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Reasons to be Pretty


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Neil LaBute’s work has the recurring theme of body image within western society. This is certainly true of his Tony-nominated play Reasons to Be Pretty, and it’s evident in Bakehouse Theatre Company’s respectfully generated production.

Emblematically, the playwright’s characters squabble and maltreat one another. The play opens with an impassioned and vehement argument between an enraged Steph (Clare Mansfield) and her restrained boyfriend Greg (Nic Kreug).

Carly (Krystal Brook), has informed Steph that Greg has made an pejorative remark about his girlfriend while talking to Carly’s husband, Kent (David Hirst).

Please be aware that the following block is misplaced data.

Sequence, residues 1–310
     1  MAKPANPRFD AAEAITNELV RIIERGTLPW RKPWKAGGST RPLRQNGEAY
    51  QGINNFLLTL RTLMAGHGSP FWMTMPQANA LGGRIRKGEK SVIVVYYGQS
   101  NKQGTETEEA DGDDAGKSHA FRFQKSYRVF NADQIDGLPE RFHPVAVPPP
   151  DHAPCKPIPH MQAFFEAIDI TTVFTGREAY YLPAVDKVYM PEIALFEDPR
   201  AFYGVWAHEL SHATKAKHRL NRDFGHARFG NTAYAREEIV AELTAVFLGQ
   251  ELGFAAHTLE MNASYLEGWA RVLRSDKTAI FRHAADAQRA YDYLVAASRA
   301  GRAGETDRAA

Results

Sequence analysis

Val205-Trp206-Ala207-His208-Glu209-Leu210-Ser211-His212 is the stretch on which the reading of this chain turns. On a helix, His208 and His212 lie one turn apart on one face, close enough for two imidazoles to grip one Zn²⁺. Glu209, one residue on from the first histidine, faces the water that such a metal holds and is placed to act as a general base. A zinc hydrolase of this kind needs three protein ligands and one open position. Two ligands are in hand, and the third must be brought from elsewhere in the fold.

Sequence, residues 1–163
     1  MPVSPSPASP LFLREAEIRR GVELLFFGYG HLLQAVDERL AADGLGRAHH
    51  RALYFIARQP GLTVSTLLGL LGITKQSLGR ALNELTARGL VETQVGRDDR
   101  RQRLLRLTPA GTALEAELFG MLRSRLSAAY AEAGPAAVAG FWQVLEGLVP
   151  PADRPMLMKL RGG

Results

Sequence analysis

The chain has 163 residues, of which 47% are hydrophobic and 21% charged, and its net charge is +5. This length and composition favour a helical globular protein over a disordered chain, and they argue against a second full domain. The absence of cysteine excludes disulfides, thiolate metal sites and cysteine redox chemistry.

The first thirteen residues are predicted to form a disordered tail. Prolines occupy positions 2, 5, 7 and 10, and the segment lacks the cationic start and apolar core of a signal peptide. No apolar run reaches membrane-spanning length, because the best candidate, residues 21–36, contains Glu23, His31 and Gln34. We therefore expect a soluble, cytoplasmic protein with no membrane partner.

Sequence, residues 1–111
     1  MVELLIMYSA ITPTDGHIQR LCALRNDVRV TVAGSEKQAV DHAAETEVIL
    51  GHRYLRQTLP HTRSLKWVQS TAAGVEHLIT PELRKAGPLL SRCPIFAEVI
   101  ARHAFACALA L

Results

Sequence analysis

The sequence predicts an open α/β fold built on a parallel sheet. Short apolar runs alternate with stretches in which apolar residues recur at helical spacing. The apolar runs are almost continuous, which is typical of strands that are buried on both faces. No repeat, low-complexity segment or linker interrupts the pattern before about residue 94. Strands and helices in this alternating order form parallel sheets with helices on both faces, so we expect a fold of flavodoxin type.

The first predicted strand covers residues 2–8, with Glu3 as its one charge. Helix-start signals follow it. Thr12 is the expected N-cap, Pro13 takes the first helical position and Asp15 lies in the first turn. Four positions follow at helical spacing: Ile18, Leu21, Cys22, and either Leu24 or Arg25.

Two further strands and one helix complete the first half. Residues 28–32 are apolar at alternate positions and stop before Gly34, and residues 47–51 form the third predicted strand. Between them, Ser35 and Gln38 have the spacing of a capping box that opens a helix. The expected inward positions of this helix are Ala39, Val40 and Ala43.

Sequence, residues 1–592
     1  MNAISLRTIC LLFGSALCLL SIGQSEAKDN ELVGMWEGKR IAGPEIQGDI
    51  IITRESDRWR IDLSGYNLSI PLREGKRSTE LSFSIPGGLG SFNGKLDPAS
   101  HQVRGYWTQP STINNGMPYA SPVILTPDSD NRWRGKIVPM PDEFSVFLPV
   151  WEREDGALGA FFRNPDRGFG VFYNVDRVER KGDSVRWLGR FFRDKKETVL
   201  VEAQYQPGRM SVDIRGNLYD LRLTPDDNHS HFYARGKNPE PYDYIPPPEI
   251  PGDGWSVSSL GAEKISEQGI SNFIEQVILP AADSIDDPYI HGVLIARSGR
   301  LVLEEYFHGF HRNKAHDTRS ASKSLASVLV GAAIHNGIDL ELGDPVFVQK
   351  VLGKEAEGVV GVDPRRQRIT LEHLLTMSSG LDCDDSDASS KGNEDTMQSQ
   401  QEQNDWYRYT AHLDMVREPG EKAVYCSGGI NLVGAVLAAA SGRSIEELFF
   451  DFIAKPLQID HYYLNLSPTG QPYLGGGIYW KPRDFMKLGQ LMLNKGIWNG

As Greg feebly tries to explain his remark about her “regular face”, Steph is emotionally wounded and translates his remark into “I’m Ugly”. As her fury escalates, the conflict turns violent.

Profanities abound, and as Greg tries to diffuse the situation, Steph’s language becomes more coarse and her behaviour more irascible. The result is a shock-and-awe conflagration of indignancy and invective that causes the couple to separate.

At work, Greg discovers that his obnoxious friend Kent is cheating on his good-looking wife. Things go from bad to worse, when Carly tells Greg that she is pregnant. Greg has a dilemma: should he remain loyal to his uncouth mate or should he inform Carly of Kent’s workplace affair?

Labute stacks the belligerence and narcissism high throughout the play, and the Bakehouse cast is persuasive, acting with the correct truculence, insecurity and posturing.

Reasons to Be Pretty is sound and attractive, but for all the effort, and fine-handed direction by Joh Hartog, the play is never truly resounding.

Reasons To Be Pretty is at the Bakehouse Theatre until June 27.


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